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The Severed Ear


Christ Healing the Ear of Malchus, by an Unknown artist, Oil on Canvas, ca. 17th century, The Bowes Museum, Barnard Castle.


Where Science Meets Religion by Trent Dee Stephens, PhD, for the Come Follow Me lesson June 12-18: Luke 22, John 18


We are told in Luke 22:49-51: “When they which were about him saw what would follow, they said unto him, Lord, shall we smite with the sword? And one of them smote the servant of the high priest, and cut off his right ear. And Jesus answered and said, Suffer ye thus far. And he touched his ear, and healed him.”


The same story is told in John 18:10-12, except that there are three differences: first, John states that it was Simon Peter who cut off the servant’s ear; second, the servant’s name was Malchus; and third, John does not mention that Christ healed the severed ear. Matthew (26:51-56) also recounts the story but adds: “‘Thinkest thou that I cannot now pray to my Father, and he shall presently give me more than twelve legions of angels?’” (v. 53) But Matthew does not mention Christ healing Malchus’ severed ear. Mark (14:46-50) also tells the story, but again, does not add the detail that the severed ear was healed.

I find this lack of mentioning Christ’s apparently last mortal miracle in Matthew, Mark, and John to be quite fascinating. Indeed, the only one to mention that Christ touched the man’s ear and healed him was Luke, who wasn’t there. Matthew and John were certainly eye witnesses to the event – at least they were present. It is possible that the chaos surrounding the event of Christ’s being taken prisoner was such that they did not actually see the healing. However, it seems quite unlikely to me that Christ’s healing Malchus’ ear would not have been of such impact that all present would have known about it. This assumption makes it even more puzzling as to why Matthew and John did not mention such a momentous miracle. Presumably, Mark was also not there, but many Biblical scholars believe that Mark’s Gospel was based on Peter’s recounting events to him. If this is true and Peter was the one who sliced off the ear, it is even more astounding that Mark failed to mention the miracle of the ear being re-attached.


If we had been eye-witnesses to Christ’s arrest, what would we have seen? All four Gospel accounts use exactly the same words: “cut off his right ear.” None of them said that the ear was cut into or that it was still attached by a piece of skin. It was “cut off.” One must assume that being cut off, the severed ear fell to the ground. Luke says that Jesus “…touched his ear, and healed him.” He does not say that Jesus picked up the ear from the ground and put it back into place. Such an act would have been very difficult as both Matthew (26:50) and Mark (14:46) stated that the soldiers “…laid hands on Jesus, and took him.” If Christ was being held, how was He free enough to pick Malchus’ ear up off the ground and stick it back into place? How could Jesus simply touch Malchus’ ear and heal him if the ear was cut off and was not in place?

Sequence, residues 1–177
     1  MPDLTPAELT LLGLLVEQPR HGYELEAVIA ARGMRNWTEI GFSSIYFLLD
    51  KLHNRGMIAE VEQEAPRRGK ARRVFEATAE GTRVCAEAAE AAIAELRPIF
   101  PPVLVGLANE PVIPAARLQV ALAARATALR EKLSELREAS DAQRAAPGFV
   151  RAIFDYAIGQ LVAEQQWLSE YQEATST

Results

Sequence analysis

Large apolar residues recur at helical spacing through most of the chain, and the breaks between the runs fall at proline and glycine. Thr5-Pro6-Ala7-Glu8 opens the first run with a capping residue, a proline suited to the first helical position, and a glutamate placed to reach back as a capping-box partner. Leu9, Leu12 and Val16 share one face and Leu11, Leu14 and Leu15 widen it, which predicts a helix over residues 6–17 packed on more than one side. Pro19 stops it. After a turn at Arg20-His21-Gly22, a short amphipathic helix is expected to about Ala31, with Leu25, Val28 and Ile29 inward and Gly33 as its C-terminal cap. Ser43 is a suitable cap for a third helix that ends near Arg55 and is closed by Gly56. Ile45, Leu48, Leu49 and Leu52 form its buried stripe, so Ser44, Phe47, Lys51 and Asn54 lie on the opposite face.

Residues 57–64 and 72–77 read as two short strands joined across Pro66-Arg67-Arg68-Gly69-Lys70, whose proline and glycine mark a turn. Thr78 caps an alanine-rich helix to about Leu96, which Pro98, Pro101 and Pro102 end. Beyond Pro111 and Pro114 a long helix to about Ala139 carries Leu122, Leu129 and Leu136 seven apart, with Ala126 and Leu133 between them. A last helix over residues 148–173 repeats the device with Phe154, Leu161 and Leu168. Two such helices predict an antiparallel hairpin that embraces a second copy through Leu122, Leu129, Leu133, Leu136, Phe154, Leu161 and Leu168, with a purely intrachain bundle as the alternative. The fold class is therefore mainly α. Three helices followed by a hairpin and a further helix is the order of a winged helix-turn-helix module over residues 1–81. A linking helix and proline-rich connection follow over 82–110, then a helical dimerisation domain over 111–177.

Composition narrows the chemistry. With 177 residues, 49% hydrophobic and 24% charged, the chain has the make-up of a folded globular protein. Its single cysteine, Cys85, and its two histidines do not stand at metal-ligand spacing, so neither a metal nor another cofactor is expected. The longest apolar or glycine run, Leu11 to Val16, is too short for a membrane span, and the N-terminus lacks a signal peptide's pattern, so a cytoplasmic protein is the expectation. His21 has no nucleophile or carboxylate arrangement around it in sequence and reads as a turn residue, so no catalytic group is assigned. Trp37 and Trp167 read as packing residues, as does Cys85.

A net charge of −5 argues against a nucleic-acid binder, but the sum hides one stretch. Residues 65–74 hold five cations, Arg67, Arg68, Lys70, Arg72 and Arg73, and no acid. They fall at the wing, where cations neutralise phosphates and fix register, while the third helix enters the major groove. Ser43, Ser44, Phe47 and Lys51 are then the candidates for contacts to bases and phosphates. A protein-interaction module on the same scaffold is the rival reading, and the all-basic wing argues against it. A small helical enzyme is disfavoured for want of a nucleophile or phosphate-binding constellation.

So if Matthew and John were actually there, but failed to mention the healing – even though John adds the extra detail of who cut off the ear and whose ear was severed – then who told Luke the story – especially the detail that the ear was healed? Luke apparently obtained his knowledge of the events of Christ’s ministry by interviewing witnesses to those events. One or more of his informants must have told him that Christ healed the servant’s ear. Apparently, that informant was not Matthew or John – and presumably not Peter, from whom apparently Mark obtained his account. By the time Luke was collecting his stories, quite some years after the events transpired, is it possible that the idea of Christ healing the servant’s ear had become a faith-promoting rumor rather than an actual account of what happened?


I am not proposing, a priori, that the miracle didn’t happen, I’m just saying that it is odd that the only Gospel mentioning the miracle was written by someone who was not an eye-witness to the events. If the miracle of healing the severed ear did not happen, it is my opinion that that absence in no way detracts from the Savior’s divinity or from His other miracles.


We will not meet for Where Science Meets Religion discussions during the summer, but will resume discussions the first Thursday in September. Please join us then.


Trent Dee Stephens

trentdeestephens.com

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